One of the most interesting talks today was on MEMS memory by Professor Tsu-Jae King Liu from UC Berkeley. She talked about using nano-cantilevers as physical switches. It turns out this approach has some compelling advantages and is even compatible with today's CMOS. However, there may be problems scaling down the cantilevers, which will need to become stiffer and stiffer as they get smaller and smaller. I also wonder about how valid some assumptions will be as cantilevers scale down to just a handful of atoms thick. Nonetheless, two start-ups are already trying to commercialize MEMS memory, which they hope will be the next generation of nonvolatile memory. Time will tell!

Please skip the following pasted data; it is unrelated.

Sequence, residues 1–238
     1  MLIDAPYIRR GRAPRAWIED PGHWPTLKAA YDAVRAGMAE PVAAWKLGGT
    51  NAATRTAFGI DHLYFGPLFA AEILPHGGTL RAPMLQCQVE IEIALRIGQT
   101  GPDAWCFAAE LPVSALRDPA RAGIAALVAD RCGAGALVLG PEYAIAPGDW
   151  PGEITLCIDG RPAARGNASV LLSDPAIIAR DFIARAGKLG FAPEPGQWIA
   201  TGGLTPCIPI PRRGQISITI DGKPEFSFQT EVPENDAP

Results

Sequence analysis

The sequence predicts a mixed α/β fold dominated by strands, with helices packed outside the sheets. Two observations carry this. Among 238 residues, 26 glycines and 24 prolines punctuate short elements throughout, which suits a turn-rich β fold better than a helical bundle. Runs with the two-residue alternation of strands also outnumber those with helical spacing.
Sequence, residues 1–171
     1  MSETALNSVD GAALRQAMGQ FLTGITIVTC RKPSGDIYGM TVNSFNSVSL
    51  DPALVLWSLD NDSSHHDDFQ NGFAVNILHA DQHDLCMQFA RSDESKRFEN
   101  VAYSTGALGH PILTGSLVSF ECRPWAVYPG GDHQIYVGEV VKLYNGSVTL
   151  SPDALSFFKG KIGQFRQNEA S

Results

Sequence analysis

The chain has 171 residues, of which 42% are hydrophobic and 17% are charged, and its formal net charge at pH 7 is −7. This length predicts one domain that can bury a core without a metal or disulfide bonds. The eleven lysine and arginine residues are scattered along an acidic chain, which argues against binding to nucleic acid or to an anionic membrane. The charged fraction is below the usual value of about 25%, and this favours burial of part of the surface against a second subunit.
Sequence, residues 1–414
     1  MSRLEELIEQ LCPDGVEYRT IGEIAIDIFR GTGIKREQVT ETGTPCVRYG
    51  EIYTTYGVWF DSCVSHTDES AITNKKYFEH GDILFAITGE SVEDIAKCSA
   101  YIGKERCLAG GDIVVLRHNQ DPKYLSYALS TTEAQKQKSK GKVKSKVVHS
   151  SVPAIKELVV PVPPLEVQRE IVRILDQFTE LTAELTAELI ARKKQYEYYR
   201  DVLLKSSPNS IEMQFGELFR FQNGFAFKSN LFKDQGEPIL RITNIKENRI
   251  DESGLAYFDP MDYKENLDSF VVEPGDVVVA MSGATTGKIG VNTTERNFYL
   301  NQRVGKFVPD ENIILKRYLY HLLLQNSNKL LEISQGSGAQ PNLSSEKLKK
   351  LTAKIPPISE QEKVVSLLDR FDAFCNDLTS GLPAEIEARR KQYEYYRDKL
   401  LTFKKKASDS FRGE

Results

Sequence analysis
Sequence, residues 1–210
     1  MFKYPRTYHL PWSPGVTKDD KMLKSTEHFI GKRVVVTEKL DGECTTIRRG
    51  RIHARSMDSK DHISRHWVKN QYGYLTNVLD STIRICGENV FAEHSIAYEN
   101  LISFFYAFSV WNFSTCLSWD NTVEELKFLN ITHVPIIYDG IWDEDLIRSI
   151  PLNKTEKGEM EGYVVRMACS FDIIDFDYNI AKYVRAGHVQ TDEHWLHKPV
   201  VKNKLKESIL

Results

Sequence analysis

By metascience I don't mean metamaterials: I mean thinking about how science works as a human enterprise. As you can probably tell from my other posts, I often think about this issue. This morning, I had the great privilege of speaking with a distinguished scientist at one of our national laboratories about how science really works in his setting. He shared both the idealism of wanting to do science in the national and public interest, and the reality of bureaucracy, proposal writing, dealing with management, etc. I started thinking: is there anything that can be done about this situation? How could I help? Trying to change the way science works for the better is something I'm passionate about.

A Morning of Multiferroics!

2011-04-28 11.26.21

Manel Bibes speaks about giant electric field control of spin-waves. I'm still not sure what the "giant" refers to, but it was really interesting.


2011-04-28 11.41.33